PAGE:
Onni Group said it still hasn't decided whether to shift its massive project proposed for the former Seattle Times property from apartments to condos. That would be two 41-story towers with 1,197 units, plus two smaller buildings.

Burrard Group of Vancouver, B.C., recently said it wants to build 40 stories at 1200 Howell St. with at least 360 condos. Burrard calls the project Nexus and says some small one-bedroom units in Nexus could sell at “attainable” prices as low as $300,000. (Stay tuned on that!).

Some critics have lamented that the first big office corridor — along Terry Avenue — in this remake of SLU has colder exterior architecture than they would like. Crib says: Well duh, it's an office corridor. A place to make and remake digital retail. And in fact for such a corridor, it sure has attracted a lot of Sunday brunchers today.

Crib's biggest complaint is how the city bureaucracy was too slow at upzoning this office corridor; too slow by years. The result is a whole bunch of blocky six- and eight-story buildings that eat up the groundscape where sleeker towers would have allowed view corridors and bigger public plazas and pedestrian walk-throughs at their bases.

The city didn't exactly dither. It tried. But it stuck with its slow process instead of saying: Let's do a faster process.

Amazon's explosive growth was just about to begin, and each new building is a 100-year opportunity. Get it wrong or get it right — for 100 years. At the time, proponents of the zoning improvements warned of block after block of “bread loaves” instead of “pencils.” So in this SLU office corridor we got the bread loaves, along with some pretty nice, usable plazas.

To compare, let's go from Harrison and Terry (among the bread loaves) over to Amazon's new HQ towers (and their half-finished 3-story biodomes) along Sixth Avenue at Lenora, Blanchard and Bell. The pedestrian level here is urbanist nirvana, including a brilliant separate bike lane between the street and sidewalk, with swales between the bike lane and the street.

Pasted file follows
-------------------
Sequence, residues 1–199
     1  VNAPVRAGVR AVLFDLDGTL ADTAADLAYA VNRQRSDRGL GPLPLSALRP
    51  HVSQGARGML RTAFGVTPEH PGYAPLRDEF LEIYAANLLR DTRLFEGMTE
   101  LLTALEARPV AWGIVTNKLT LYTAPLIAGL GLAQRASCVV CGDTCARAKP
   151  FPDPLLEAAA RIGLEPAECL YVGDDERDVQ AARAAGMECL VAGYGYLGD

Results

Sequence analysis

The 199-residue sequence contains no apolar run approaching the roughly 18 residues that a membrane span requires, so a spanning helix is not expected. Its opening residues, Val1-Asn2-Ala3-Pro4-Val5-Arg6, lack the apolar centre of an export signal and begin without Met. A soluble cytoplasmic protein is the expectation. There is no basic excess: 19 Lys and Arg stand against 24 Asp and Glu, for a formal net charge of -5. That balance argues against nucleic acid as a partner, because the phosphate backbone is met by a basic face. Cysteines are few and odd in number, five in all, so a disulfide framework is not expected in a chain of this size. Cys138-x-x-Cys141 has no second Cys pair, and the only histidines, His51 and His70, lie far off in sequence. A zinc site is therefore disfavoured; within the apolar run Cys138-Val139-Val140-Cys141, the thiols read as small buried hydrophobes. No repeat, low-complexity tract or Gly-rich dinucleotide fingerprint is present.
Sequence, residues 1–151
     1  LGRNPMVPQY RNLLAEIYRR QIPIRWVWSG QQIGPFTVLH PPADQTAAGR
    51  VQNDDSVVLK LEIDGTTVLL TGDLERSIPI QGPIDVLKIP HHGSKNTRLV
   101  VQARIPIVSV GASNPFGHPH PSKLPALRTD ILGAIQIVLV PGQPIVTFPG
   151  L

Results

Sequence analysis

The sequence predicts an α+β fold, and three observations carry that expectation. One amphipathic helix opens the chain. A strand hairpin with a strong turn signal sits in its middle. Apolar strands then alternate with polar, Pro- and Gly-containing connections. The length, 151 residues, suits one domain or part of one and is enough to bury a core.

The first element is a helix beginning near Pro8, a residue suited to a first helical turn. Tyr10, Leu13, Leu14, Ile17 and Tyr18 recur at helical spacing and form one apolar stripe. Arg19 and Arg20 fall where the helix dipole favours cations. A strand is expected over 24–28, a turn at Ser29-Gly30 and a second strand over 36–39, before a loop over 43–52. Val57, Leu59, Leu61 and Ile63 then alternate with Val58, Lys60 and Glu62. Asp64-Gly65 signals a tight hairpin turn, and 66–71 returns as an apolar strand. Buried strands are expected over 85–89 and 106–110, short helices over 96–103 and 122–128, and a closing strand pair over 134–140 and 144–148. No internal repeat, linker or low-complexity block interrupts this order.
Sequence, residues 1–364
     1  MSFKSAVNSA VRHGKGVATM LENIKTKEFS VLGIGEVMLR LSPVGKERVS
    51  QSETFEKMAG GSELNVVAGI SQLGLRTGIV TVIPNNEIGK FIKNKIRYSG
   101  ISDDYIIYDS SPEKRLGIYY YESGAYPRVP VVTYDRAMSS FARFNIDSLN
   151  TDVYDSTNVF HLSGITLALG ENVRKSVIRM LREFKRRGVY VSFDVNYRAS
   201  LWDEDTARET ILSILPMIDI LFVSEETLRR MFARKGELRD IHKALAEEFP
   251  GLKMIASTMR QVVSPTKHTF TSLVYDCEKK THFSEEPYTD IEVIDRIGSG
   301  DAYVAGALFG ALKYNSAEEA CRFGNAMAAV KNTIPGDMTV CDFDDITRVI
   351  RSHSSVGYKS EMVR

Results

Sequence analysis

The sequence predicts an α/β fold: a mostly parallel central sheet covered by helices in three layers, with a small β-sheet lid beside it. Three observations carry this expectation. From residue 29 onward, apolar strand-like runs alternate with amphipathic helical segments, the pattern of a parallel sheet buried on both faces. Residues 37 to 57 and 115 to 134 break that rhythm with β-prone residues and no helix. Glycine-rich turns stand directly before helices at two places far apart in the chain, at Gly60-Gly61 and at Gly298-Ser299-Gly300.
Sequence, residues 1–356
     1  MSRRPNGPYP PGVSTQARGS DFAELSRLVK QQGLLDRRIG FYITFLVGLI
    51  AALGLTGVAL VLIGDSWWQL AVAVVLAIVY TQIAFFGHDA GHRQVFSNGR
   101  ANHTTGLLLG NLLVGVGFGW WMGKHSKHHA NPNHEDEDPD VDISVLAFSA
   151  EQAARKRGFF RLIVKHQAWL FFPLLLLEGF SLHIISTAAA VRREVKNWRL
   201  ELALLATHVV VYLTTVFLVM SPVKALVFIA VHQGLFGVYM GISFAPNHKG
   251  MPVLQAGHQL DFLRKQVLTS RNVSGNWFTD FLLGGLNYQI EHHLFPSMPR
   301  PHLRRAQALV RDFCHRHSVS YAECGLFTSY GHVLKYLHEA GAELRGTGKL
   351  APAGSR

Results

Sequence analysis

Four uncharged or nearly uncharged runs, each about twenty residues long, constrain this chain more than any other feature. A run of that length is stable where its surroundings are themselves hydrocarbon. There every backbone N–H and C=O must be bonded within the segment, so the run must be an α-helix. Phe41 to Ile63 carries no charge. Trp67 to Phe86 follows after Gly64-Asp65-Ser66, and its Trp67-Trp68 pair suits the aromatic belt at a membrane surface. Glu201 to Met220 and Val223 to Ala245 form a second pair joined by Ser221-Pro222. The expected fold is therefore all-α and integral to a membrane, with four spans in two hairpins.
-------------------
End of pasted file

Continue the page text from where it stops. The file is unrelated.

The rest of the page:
Mid-day on a recent weekday, there seemed to be as many dog walkers strolling around here as there were Amsouls foraging in those interesting new restaurants.

It has been more than tempting for the bring-me-back-to-Neverland folks to suggest that all of this area's very large future growth can or should go into this spot north of downtown. Crib says no way. Other areas should get some of these benefits too!

Crib calls Amazon the “stem cells” of Seattle's and the Puget Sound area's economy. Boeing, Microsoft, Starbucks, Paccar and others are big employers — Amazon is the job-growth maker.

Fourteen years ago, economic development professor Richard Florida told U.S. cities that the “winners” in the next economic development cycle would be the places that figure out how to appeal to young tech workers. They stare at screens all day, and want to play nearby at night and on weekends, then crash in stacked housing. His 2002 book telling that story is called “The Rise of the Creative Class.”

Amazon someday will plateau. It will go from gangly teenager to staid mid-lifer, as Microsoft did. When? Well, that's THE BIG QUESTION. It's not lookin' like any time soon.

When Amazon slows, SLU's growth will pause, too. Then take off again.

Until then, watching SLU will be like watching one of those National Geographic high-speed videos of plants growing.

Before forming too many opinions about SLU, come on down and see for yourself. Brunch on Sunday perhaps.



Joe Nabbefeld is a Realtor with Windermere Capitol Hill. You can reach him at www.RealSolutions.biz. He was the DJC's commercial real estate editor back in the late 1990s and early 2000s.